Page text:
The obvious technological advances are common to us all. My family didn't have a television until I was six, and that was a small black and white screen with all of three channels (with Howdy Doody being the most important).
Telephones were either a rotary dial in the bedroom or a wall phone in the kitchen. There were both morning and afternoon newspapers and my parents got both.
During my early childhood the I remember we received milk deliveries a few times a week. Families were lucky to have one car; the first one I remember was a greyish 1949 Ford.
The #1 song on the radio in May of that year was Cruising Down The River by The Blue Barron Orchestra
The Top Movie Stars included:
*Abbot & Costello
How about costs for things we bought?
A new house was $7,500
The average yearly salary was just under $3,000
The average minimum wage was 70 cents an hour
Milk was 84 cents a gallon though most folks bought the half gallon size
Bread (white only for most of us) was 14 cents a loaf
Gas cost 26 cents a gallon and the new car to put it in was $1,420.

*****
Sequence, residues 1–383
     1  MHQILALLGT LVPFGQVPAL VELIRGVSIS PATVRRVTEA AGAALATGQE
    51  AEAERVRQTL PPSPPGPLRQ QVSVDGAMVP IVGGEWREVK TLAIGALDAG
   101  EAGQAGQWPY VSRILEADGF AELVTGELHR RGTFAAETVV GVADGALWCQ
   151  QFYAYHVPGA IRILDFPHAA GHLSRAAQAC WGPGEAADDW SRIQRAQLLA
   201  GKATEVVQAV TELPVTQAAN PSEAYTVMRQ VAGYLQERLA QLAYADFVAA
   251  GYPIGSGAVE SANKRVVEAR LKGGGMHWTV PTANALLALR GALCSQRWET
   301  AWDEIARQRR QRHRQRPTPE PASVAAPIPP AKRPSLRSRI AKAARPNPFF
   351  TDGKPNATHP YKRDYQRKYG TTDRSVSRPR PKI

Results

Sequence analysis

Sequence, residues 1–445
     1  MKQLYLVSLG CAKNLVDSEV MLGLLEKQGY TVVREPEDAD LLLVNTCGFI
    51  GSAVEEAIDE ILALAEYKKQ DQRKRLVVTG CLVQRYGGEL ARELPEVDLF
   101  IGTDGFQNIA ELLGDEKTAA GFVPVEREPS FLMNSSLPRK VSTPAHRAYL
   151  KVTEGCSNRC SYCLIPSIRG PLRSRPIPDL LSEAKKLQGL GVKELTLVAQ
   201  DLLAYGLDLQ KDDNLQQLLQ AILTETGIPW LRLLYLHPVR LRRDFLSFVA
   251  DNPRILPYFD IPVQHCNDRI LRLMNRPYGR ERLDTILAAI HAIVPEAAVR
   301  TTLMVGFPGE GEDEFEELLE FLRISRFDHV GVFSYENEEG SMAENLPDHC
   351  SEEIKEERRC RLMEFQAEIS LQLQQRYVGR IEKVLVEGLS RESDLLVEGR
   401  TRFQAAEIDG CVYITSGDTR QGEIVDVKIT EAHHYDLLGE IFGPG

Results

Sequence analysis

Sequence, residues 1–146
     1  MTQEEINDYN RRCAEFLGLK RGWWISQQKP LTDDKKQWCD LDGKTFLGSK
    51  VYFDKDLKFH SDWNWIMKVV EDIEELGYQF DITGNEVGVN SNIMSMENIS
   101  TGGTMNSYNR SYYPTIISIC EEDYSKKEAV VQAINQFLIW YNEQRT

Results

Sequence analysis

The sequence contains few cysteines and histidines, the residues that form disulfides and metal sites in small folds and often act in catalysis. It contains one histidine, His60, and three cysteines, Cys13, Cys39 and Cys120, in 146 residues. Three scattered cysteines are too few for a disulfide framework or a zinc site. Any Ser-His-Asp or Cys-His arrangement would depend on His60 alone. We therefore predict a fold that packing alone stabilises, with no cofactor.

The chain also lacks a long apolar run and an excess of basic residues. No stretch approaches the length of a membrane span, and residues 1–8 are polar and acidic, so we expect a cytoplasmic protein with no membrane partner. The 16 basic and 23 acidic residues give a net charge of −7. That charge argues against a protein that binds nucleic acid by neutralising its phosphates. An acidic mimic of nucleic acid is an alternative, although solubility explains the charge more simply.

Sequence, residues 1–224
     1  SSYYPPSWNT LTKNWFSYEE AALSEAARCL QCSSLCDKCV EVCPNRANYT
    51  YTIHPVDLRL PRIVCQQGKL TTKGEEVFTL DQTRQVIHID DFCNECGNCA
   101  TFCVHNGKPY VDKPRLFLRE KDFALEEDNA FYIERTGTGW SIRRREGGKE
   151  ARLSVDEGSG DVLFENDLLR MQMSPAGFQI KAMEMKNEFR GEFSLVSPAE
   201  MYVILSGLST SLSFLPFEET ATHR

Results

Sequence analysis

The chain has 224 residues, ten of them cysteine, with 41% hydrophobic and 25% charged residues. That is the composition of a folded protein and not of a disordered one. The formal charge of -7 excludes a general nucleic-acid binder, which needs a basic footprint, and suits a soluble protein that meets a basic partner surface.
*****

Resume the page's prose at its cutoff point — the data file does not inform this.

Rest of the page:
And, in world events:
The Berlin Airlift ended in May, 1949.
Russia set off its first atomic bomb
Communist China was established
6,000 were killed in an earthquake in Ecuador
RCA built the first color television
The first VW Beetle sold in U.S. (my first car 18 years later)
What I found both interesting and important to remember were the rather momentous events happening on the world stage. We tend to think of today as a period of tremendous upheaval and uncertainty. But, 1949 saw a major disaster, the atomic bomb "club" expanding to include Russia, and the establishment of a communist government in the most populous country on earth.
Maybe we can feel a little better about the state of affairs today when we look back and realize there have always been events and actions that can shake our world.
You might find it fun (and educational) to do some quick and easy Internet research on the year you joined the human race.